How ICANN and WHOIS Works
When you buy a domain name, you're required to register the ownership of your domain name to its governing agency ICANN. This is just like when you buy a car and need to register it with your state.
ICANN, which stands for Internet Corporation for Assigned Names and Numbers, is the nonprofit responsible for the organization and maintenance of IP addresses and the DNS or Domain Name System.
In other words, it ensures no two people own the same addresses. The internet wouldn’t exactly work if there were three nike.com’s right?
Thus, it’s critical in order to own a domain name you've to register to ensure it'll be unique to you.
To that end, the registration is public record and can be looked up on the ICANN website or through WHOIS. WHOIS is simply a database that holds the records.
Why is it Public Record?
Your registration is public record so you may be contacted for business regarding your domain. For example, if someone wanted to purchase your domain name or there was a legal dispute regarding it.
The problem arises in the unfortunate fact not all people have good intentions. While it may make sense for this information to be public in some regards, domain name privacy is an important part of web safety.
This is why businesses offer domain name privacy options in which they act as an in-between for the domain owner.
The Core Benefits of Domain Name Privacy
Your personal privacy is protected from real world dangers.
This is probably one of the largest concerns with public domain name registration. Granting rather easy access to your full legal name, personal address, phone number and email isn't exactly ideal.
You’re exposing yourself to a higher risk of identity theft. Additionally, if you’re dealing with someone upset with something you produce online, you may be opening yourself up to being tracked down.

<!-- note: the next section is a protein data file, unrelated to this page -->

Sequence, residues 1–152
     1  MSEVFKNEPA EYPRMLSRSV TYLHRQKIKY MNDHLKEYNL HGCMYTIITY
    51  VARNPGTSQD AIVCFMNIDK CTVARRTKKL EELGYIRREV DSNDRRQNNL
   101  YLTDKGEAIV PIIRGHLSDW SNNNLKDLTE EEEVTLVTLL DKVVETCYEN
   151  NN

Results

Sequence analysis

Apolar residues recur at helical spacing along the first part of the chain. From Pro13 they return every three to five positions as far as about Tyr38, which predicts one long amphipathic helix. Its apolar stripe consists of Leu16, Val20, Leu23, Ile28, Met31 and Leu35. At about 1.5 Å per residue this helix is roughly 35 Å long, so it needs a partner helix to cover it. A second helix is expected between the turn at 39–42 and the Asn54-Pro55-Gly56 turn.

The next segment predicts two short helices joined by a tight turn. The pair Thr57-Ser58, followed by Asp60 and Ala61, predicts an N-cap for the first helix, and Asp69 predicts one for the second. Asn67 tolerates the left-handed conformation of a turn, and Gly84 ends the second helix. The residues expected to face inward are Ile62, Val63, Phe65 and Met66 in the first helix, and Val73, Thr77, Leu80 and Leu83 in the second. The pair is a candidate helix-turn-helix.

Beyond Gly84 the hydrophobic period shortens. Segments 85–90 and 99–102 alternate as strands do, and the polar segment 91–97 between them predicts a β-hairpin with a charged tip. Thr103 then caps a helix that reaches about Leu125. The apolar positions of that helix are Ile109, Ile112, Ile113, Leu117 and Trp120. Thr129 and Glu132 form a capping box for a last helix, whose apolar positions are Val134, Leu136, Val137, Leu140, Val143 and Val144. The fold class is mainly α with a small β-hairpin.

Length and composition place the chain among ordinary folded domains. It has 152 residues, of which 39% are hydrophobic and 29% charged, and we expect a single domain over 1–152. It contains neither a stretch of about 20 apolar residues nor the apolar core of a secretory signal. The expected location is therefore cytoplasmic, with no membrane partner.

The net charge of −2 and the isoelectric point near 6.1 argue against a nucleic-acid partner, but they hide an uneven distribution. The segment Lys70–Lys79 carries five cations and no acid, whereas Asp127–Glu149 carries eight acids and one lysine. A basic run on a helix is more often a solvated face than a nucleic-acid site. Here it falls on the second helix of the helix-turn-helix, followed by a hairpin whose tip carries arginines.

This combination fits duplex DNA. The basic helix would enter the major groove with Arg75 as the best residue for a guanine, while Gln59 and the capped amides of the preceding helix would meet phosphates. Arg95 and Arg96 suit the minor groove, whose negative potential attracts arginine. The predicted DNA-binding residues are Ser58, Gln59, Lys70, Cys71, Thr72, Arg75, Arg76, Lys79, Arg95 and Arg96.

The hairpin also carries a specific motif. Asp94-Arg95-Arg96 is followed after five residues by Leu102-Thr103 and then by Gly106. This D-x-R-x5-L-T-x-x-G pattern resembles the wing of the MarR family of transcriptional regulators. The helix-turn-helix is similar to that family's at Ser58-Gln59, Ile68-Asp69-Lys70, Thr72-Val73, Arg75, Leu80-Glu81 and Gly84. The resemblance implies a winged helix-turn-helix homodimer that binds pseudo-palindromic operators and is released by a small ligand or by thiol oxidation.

Domain name privacy eliminates this issue.
Domain name privacy stops the spam train before it starts.
It may be a low on the totem pole tactic but without domain name privacy, don’t be surprised if you’re contacted repeatedly for offers. You'll see offers on logos, website building, marketing and any and every possible service that could in the dimmest ways be relevant to you. Some of which may even be offensive.
It makes sense newly registered domains would be targeted; however, it doesn’t make it any less frustrating. Additionally, since there is a lack of accountability in contacting you the potential of these offers being scams is high.
With domain name privacy there will be no email or phone number for spammers to even try to contact you.
You’ll be protecting your personal information from being sold.
Data – information – is the currency of the internet age. Domain name privacy protects your personal information from being sold by data scrapers. Again, this is an issue of whether you want your personal information available for use without your direct knowledge or agreement.
The Drawbacks of Domain Name Privacy
There are very few drawbacks to domain name privacy.
Some argue businesses lose a potential entryway for web traffic by closing off a way for their site to be found. However, this argument is shaky at best because web traffic for web traffic’s sake isn’t what most businesses are after. The quality of traffic matters.
Traffic through a WHOIS or ICANN lookup isn't likely to generate a lead or make a sale.
Another possible drawback is domain name privacy usually comes with a monetary cost. Though, this cost usually isn’t high and can be well worth a peace of mind. The only real concern with domain name privacy is it could make it more difficult to be reached for legitimate concerns. However, more difficult isn't the same as impossible.
Is Domain Name Privacy Worth It?
In a word, yes.
The drawbacks to domain name privacy aren’t a real issue. So, if there aren’t any real drawbacks, then you’re simply left with all the benefits. And the benefits are more than just worth it, they’re necessary.